Of course, this doesn’t mean he’ll tell you everything. As a government servant, he, too, will be bound by General Orders to observe the constitutional privileges of his elected masters. But he will be in a position to advise them on how to make sure the people get the right stuff in the right way at the right time (as immediately as possible, that is, or prudent) so that they will know the government’s true intentions and not be troubled by doubtful outcomes.

That’s why I for one would love the job. It may not mean I’d tell you the truth, the whole truth and nothing but the truth, but at least, at last, I’d know.

Otherwise, what’s the point of being a Pointman? There’d only be four fingers pointing back.

Happy birthday Zafirah!

Dear Adik,

May 11, 1992 was a very special day for Ibu and Papa.We waited 5 years for your arrival and finally one Subuh one Monday,you came as expected: bouncy and beautiful.Putih melepak more than your mom (ha ha) and I got scared cos' you looked so much like me (tapi lama2 rupa macam Papa but in many ways you are still like me that it gets scarier each day...the things we like, the kinda jokes we make, etc)

I'd like to wish you all the best and semoga Allah terus melindungi dan merahmati hidup Adik sehingga ke anak cucu cuit muit.Whatever.

We love you so much but we don't want to pressure you too much in your studies (ha ha).Ikhtiar and doa.Whatever that happens after that, kita terima dan bersyukur.Tak payah la tidur sampai 2-3 pagi, studying.Yang penting cukup tidur and banyak minum air and senam.

Hadiah when you get here.Kad bday tu dah boleh buka now. :))

Happy birthday, buntat!


It wasn't all work.I had time to mingle with the Harvard community (Profs and students).It happened to be the Arts Festival week.Prof Muhd took me around and we wanted to visit his friend (a Philosophy Prof who owns a poetry bookshop) and say hello.They were having poetry reading session so we joined and heard a few (including the 1999 winner of a poetry competition...hers was powerful..about child sexual abuse)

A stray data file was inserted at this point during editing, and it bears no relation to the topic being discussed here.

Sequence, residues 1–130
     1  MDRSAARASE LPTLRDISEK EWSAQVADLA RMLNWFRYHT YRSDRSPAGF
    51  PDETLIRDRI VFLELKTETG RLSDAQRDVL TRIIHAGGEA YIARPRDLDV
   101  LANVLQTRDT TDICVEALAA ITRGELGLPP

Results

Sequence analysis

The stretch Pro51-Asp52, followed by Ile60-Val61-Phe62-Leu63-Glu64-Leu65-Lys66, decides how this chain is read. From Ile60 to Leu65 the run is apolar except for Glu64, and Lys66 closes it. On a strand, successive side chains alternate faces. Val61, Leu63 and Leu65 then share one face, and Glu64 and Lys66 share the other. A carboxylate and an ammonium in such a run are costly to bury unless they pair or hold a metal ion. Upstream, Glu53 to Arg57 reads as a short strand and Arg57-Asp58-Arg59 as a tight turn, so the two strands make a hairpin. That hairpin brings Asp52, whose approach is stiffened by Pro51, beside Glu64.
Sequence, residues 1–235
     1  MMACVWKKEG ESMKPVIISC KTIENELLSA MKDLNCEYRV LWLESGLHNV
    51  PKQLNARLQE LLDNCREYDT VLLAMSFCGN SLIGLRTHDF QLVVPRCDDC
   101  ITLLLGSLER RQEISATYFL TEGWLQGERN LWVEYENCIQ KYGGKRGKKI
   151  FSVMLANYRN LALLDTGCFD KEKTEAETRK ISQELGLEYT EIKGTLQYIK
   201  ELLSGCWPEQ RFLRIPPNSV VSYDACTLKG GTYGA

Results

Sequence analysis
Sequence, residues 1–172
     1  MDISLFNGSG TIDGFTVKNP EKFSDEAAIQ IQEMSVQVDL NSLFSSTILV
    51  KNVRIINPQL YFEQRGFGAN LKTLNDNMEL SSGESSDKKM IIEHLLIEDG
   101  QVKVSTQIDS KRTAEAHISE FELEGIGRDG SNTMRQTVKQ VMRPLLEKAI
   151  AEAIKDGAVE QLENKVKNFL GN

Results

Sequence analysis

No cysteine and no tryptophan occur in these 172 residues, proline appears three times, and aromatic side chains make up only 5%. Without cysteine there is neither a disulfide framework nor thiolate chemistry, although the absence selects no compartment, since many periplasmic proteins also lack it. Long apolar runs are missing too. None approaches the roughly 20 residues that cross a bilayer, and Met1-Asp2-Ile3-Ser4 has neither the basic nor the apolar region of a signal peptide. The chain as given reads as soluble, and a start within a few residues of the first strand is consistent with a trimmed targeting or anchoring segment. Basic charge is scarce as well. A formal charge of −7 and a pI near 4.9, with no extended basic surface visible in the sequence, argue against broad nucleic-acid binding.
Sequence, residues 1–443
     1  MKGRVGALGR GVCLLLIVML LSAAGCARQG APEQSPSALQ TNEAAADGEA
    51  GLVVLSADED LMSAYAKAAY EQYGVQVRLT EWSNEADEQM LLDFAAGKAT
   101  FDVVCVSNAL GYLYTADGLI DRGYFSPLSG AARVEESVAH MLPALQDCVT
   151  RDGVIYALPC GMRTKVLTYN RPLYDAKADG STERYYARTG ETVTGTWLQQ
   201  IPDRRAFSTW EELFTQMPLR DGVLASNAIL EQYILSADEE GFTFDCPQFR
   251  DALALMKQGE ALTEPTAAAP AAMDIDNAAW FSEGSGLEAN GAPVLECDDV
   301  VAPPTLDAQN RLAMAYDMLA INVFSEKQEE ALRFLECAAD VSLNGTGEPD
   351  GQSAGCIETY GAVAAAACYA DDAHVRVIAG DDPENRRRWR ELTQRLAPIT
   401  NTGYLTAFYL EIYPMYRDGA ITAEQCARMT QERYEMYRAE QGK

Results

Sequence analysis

Before that I joined Yenching's 30 years old tradition ( a lunch at end of a semester)in which lobsters were served (along with other foods, etc)Oh wow, some lobsters and some company! It was nice getting to know scholars from other Asian countries especially East Asia.

We also saw Harvard students (of all ethnic b/grounds) doing an African dance (and other crazy stuffs...all very artistic and stylish)

Some pics.

I didn't take any pics of the dinner we had at Prof Muhd's home (with Kak Ani who's very gracious and kind)Azmi and his TNC came along.Prof Azmi is so funny when he talks.One joke he shared with Prof M was about a Prof who was gagap.Prof M said somehow this lucky Prof had always full house lecture hall.We were wondering why.Prof M said the kids loved it cos' they could take their own sweet time writing down lecture notes.
Azmi menyampuk saying, "not only that, he repeats!"

Kak Ani, TNC and I macam nak pecah perut gelak.Scientists and artists bila berjumpa dan melawak macam ni rupanya. :))


I flew to Boston on Friday to assist the Biotech Malaysian delegates (3rd largest participation after US and Canada).Quite a number of Ministers, Chief Ministers (some with wives), MPs,KSUs were in attendance.The Deputy Prime Minister (with wife) were guests of honour for the Malaysian community in the US in particular, and Malaysia had a nice mention at the launch of the world event (which is held annually.This is is Msia's 4th year, participating)

There were some 50 volunteers mostly undergrads from universities all over the US (mostly with biotech b/ground)It was nice meeting these restless (intelligent) young minds.I also met the older ones (US citizens/PR)They work as lawyers, architects, engineers, entrepreneurs here (all Malaysian/Malay women).We had nice time together especially with Pon of Las Vegas.